(Read more about it here: Why Africans Don't Swim.)
Our girls happened to learn to swim at a strangely young age. They love to swim. They dive down, they tread water, they are completely comfortable. This is something that is very scary for our Congolese friends to witness. Your baby just jumped in the pool! Help her! Help her! By the time our children come up for air, everyone poolside is clutching their chests.
When I was pregnant with Charlotte we went to Victoria Falls with a group of American and Congolese friends. We decided to go to the infamous Devil's Pool, which requires a bit of swimming in order to get there. Soon after we jumped in the river, our Congolese friend clung to me. He chose that moment to privately confess he couldn't swim, but had been too ashamed to tell the others. And so I crossed the Zambezi with a baby in my belly and I grown man hanging on to my bathing suit.
[A photo of this event has been withheld to protect the innocent.
But nobody's stopping you from searching the Mama Congo archives. Ahem.]
To bring the gift of swimming to our favorite Congolese friends, Jill and I have had this grand plan to get Mama Youyou and Mama Vida in the pool. Without notice, one day last week we said, "Alright ladies, you're going to swim today!" There could be no hesitations. No hemming and hawing about not having bathing suits. They would face their fear. Mama Youyou was totally game. Mama Vida was nonverbal.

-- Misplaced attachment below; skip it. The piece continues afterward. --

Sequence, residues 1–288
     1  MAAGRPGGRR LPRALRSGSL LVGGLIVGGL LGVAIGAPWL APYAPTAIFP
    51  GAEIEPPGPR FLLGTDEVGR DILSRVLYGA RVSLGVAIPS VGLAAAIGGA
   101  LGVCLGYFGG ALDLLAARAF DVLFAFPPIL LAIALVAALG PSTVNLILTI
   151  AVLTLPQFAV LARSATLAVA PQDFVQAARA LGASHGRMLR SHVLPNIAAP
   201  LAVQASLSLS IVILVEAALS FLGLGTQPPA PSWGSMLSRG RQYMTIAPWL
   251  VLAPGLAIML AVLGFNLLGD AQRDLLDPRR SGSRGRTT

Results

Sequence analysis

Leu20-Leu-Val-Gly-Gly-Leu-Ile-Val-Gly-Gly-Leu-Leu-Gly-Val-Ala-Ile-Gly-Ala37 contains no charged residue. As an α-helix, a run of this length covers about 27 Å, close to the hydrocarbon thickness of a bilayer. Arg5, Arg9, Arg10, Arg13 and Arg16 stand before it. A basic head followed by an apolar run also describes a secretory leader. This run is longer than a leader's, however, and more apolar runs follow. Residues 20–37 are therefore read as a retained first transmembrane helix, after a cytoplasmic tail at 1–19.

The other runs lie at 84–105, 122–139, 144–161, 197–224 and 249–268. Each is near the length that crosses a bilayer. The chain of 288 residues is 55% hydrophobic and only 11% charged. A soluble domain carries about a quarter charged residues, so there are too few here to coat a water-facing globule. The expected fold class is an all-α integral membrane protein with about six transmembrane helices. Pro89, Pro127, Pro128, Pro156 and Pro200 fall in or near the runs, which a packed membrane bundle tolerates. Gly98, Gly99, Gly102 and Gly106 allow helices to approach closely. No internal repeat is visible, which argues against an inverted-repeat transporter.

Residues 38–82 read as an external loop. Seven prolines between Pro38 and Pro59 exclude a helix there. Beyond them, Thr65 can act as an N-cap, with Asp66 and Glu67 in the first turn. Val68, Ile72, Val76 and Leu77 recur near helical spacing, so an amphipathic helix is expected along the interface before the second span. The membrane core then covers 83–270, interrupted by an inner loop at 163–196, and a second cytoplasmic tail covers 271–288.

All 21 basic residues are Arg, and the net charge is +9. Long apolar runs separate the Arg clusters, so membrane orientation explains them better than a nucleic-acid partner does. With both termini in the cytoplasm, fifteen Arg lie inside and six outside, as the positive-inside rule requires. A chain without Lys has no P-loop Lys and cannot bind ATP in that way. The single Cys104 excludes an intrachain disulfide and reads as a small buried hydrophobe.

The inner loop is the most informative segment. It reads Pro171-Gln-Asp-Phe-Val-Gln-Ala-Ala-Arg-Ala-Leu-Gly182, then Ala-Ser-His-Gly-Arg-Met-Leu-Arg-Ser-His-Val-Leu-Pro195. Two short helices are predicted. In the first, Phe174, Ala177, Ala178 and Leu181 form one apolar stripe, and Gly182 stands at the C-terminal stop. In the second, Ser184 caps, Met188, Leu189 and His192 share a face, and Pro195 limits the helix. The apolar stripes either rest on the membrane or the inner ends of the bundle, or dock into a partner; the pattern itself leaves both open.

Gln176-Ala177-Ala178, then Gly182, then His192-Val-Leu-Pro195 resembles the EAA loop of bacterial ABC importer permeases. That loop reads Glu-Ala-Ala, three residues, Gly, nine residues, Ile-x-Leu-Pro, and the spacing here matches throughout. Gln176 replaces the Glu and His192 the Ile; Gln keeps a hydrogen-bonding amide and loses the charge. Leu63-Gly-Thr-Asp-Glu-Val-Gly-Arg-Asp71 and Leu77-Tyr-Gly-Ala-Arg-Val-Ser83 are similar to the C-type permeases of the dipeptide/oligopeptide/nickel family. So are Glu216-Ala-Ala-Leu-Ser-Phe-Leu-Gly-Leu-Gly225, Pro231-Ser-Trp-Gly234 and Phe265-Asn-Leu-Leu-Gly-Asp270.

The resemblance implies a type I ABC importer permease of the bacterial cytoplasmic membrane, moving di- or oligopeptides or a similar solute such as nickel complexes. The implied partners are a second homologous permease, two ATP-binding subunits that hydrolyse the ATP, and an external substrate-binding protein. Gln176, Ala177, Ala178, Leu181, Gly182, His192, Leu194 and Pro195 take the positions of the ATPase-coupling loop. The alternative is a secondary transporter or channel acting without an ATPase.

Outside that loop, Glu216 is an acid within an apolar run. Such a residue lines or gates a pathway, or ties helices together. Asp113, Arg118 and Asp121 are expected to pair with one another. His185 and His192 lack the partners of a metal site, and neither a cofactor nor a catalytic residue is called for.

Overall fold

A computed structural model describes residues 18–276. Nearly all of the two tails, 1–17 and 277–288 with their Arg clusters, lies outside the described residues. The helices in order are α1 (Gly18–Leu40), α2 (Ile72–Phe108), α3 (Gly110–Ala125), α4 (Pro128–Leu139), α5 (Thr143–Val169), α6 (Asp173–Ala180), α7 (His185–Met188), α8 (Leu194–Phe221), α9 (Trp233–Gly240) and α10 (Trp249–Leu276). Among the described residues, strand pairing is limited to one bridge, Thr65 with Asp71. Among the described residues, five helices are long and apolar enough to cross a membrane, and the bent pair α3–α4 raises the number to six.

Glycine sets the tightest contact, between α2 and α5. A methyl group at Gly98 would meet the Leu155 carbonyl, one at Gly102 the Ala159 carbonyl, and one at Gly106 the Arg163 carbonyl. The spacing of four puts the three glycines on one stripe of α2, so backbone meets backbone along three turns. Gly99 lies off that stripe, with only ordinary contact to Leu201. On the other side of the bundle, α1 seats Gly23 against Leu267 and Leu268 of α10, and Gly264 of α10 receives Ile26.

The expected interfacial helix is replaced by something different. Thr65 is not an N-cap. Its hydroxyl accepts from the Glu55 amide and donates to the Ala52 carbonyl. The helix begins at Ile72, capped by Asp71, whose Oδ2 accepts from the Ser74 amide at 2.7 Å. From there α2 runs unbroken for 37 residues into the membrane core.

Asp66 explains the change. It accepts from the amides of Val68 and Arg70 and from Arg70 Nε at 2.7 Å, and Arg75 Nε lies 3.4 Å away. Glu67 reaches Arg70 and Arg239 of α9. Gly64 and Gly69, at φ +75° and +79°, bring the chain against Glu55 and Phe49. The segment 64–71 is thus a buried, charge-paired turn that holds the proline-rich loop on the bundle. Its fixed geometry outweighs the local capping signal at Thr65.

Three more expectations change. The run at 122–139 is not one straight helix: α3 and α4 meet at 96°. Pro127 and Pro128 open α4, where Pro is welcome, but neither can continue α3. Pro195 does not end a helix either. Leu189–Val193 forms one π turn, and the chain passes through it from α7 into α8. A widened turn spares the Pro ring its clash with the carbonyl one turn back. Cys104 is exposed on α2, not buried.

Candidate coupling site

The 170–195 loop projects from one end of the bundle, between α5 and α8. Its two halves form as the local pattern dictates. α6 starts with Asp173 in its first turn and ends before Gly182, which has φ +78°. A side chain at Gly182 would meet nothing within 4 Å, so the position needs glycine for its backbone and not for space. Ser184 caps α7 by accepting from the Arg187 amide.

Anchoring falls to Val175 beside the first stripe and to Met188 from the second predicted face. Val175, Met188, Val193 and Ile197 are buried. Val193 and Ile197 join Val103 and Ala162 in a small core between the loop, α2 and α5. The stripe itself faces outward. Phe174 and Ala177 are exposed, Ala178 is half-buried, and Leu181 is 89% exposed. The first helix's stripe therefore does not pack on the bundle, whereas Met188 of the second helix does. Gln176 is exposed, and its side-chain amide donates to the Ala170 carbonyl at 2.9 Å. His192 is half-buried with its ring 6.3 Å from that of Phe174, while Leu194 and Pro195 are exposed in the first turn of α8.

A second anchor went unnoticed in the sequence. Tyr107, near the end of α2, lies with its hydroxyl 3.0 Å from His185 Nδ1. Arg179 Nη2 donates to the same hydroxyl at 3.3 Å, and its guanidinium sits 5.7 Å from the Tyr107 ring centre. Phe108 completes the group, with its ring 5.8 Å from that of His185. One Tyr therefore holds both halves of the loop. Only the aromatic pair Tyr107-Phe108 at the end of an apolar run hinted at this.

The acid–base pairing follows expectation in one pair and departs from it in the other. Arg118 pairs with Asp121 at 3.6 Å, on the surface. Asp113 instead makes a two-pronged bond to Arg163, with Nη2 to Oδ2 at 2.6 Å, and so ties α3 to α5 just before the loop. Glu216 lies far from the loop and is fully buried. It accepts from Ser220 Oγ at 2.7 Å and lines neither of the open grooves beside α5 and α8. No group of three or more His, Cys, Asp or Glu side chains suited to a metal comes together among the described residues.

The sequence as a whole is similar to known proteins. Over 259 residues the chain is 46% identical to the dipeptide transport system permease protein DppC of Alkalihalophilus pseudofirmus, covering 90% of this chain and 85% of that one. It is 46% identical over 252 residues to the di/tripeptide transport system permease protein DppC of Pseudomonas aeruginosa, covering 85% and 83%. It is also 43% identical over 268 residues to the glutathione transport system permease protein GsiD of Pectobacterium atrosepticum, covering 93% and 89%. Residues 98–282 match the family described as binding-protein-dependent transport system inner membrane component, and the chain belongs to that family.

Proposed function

Luckily one of our friends who happens to be really good at helping folks get comfortable with the water, wanted to help the mamas swim too. Up until this point, Mama Vida still hadn't agreed to learn. Mama Youyou asked her if she would just sit close by for moral support. But when it came time to walk to the pool, Mama Vida remembered some "important tasks" she still needed to do. I said to Mama Youyou, "Maybe she's too scared. Let's not force her." So we left without her.
As Mama Youyou went to step in the water, Mama Vida appeared, jumped in the pool and had no problem swimming. (Weird. We still have absolutely no explanation for her hesitations.)
Buoyed by Mama Vida's fearlessness of the water, Mama Youyou went to step in the pool...
She just couldn't do it...
The girls cheered her on...
The rest of the time Andrew held her hand, walked with her around the shallow end, and got her comfortable with the water. Meanwhile, Mama Vida swam circles around them. Literally. Everyone loves a show-off best friend.
Now Mama Youyou's telling all her friends and family they really should learn to swim. Because everyone should!
*Africans don't swim, except for Mama Vida and many, many other competent African swimmers.
P.S. The most amazing swimming I've ever witnessed was by these boys and their empty water-bottles-as-flotation-devices in the rapids between the two Congos. I could barely watch.
|Brazzaville swimmers. (TASOK folks, see our hill in the background?)|